We dropped the eldest daughter off at preschool and planned on heading across the river to check out Tryon Creek…but I became less ambitious and just drove across the street. Before Cesar Chavez hits Woodstock, there are a few side streets that veer off to the right clearly marked with DEAD END signs. This is where our trek begins…
We shuffled down a long flight of stairs. Juliet counted, “1, 2, 3, 5, 2, 7, 20,” the way two year olds tend to do, and eventually we made it to the bottom. The path was a little muddy because of the recent rain, and a little overgrown because that neck is seldom traversed…but not too bad. Juliet plunged through the leafy canopy keeping a healthy lead and a weary eye for spiders.
We crossed a bit of pond, and crossed some small bridges. The path criss-crosses back and forth across the pond and zig-zags through trees and brush. Sometimes we followed a path that led to a a good sitting spot. Sometimes we followed a path that led to some ducks.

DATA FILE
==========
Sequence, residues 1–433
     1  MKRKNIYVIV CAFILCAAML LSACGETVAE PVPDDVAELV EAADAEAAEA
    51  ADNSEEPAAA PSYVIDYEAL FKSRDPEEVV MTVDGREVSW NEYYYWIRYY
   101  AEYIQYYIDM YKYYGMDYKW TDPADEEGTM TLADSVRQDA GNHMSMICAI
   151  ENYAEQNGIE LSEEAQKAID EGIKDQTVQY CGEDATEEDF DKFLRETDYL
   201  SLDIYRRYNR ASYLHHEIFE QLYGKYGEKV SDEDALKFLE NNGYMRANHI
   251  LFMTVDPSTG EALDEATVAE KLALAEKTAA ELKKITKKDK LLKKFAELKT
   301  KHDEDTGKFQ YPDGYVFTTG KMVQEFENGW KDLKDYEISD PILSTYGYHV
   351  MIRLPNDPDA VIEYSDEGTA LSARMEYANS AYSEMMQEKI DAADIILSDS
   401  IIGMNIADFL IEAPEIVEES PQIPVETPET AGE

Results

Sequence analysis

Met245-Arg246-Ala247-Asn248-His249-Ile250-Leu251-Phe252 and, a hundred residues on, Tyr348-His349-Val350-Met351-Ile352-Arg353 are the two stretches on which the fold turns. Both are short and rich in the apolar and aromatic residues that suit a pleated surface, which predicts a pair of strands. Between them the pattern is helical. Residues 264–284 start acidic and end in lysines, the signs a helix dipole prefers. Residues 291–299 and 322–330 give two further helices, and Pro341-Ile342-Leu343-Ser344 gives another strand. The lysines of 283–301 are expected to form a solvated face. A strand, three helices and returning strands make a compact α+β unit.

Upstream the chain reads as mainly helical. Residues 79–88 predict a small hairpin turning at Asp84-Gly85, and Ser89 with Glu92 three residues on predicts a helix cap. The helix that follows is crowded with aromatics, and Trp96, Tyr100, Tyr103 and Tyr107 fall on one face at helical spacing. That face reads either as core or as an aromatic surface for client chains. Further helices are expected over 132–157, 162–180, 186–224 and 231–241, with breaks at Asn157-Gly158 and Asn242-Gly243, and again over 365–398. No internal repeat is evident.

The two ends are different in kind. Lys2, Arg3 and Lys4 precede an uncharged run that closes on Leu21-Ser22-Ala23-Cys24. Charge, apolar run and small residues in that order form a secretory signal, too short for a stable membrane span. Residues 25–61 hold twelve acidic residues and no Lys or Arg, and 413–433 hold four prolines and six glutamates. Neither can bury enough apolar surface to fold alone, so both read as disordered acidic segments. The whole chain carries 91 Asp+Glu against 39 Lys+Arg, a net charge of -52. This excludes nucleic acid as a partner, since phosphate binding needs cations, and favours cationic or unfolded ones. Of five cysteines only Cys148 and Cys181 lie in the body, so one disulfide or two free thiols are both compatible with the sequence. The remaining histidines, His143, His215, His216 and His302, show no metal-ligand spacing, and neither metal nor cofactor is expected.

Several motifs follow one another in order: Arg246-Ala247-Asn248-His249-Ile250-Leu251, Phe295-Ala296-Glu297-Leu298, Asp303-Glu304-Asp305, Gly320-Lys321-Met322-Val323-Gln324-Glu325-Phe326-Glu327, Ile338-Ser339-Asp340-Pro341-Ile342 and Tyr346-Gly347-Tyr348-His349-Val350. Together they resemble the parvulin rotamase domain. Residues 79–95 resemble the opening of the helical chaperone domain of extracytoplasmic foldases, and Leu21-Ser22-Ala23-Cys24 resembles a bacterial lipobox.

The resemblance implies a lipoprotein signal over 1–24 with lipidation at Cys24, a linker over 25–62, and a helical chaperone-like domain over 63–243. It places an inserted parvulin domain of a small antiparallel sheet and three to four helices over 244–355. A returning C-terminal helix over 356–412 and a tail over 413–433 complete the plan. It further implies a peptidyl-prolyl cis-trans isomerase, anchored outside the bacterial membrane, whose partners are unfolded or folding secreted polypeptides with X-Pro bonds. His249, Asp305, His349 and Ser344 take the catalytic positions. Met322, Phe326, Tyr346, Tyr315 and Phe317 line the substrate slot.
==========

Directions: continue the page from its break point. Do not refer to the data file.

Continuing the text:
We found a plum tree, but the fruit wasn’t quite ripe. Along most of the trail, the ground is covered with a plant that grows delicious looking red berries. I told Juliet that we shouldn’t eat any unless we can be sure they aren’t poisonous. As luck would have it, we passed a group of students clearing a section of the trail. I asked what’s the deal with the berries and was told that they are a kind of wild strawberry, not poisonous but not good to eat. “Actually kinda gross.” So, that explains why there are so many berries left on the bush…Nobody wants to eat them.
Juliet pooped out about the time we came to the first big bridge. I carried her up the embankment. She toddled across to the other side, but I had to carry her the entire way back, including the arduous climb up the huge staircase. I got pretty tired. Still we had a fun little tramp in the woods and had time for a quick nap before we picked up big sister from school. Pretty, pretty cool.